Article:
Some Southwest Airlines ground crew members suffered frostbite when they were forced to complete shifts of up to 18 hours in frigid conditions during the recent storms, their union has claimed.
“Many of our people have been forced to work 16-hour or 18-hour days during this holiday season,” said Randy Barnes, president of Local 555 of the Transport Workers Union of America.
“Our members work hard, they’re dedicated to their jobs, but many are getting sick, and some have experienced frostbite over the past week,” Barnes added in a statement released Wednesday.
“In severe weather it’s unreasonable for workers to stay outside for extended periods. People need to be able to cycle in and out of the cold,” he said. “The airline needs to do more to protect its ground crews.”
Barnes added that “although it can be complicated, especially during the holiday season, we need to consider better spacing of flights during extreme weather events in the bitter cold of winter — as well as the extreme heat of summer.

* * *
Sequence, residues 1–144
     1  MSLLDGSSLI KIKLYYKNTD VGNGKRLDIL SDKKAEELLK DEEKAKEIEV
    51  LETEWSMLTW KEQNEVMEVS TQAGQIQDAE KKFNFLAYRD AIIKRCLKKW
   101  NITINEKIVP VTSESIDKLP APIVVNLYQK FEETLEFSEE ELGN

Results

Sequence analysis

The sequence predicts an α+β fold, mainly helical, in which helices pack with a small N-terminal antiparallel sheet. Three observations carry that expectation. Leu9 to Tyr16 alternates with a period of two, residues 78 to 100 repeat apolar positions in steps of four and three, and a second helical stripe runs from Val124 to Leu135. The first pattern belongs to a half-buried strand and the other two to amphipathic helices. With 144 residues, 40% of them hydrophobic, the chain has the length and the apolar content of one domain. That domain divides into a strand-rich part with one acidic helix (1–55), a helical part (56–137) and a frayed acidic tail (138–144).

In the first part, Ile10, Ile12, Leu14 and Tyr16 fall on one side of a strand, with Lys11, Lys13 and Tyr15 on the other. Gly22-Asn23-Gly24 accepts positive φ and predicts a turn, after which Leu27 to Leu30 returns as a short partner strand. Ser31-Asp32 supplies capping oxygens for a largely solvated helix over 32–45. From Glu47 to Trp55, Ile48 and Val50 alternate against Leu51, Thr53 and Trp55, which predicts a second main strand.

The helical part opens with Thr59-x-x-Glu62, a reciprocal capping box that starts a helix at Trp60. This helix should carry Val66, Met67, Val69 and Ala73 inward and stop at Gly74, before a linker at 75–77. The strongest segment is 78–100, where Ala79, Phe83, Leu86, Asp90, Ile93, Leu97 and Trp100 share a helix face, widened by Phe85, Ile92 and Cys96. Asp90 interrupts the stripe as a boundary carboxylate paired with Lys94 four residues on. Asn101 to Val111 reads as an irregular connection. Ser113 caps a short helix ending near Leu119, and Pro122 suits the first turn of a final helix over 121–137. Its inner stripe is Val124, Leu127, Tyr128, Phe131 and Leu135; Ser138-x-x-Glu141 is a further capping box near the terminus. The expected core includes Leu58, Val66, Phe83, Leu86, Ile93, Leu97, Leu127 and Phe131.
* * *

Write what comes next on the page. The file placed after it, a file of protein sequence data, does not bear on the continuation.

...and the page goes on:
“When the forecast for Denver, Kansas City, Atlanta, Nashville, Baltimore, Chicago, Portland and a long list of other key markets for the airline looks challenging, as it did over the past week, we should consider slowing the entire schedule,” he said.
The TWU Local 555 represents more than 17,000 ramp, operations, provisioning and freight agents at Southwest.
A deadly winter storm that hit large parts of the US during the busy holiday weekend grounded or delayed thousands of flights.
Southwest was the hardest hit, scrapping some 14,500 flights since last Friday.
On Friday, the airline planned for things to get back to normal, but the carrier still logged 41 cancellations and 99 delays at airports across the country.
Overall, there were 96 cancellations and 676 delays within, into and out of the US as of the morning, according to data posted by flight-tracking outlet FlightAware.com.
“While Southwest continues to operate roughly one third of its schedule for Thursday, Dec. 29, we plan to return to normal operations with minimal disruptions on Friday, Dec. 30,” Southwest said a statement.
“We are encouraged by the progress we’ve made to realign crew, their schedules, and our fleet. With another holiday weekend full of important connections for our valued customers and employees, we are eager to return to a state of normalcy,” it added.
The company also apologized to its customers and staff.
“We know even our deepest apologies — to our customers, to our employees, and to all affected through this disruption — only go so far,” it said.
Earlier this week, US Transportation Secretary Pete Buttigieg said his department will be looking into the company’s scheduling system after thousands of flights were canceled, stranding customers across the country.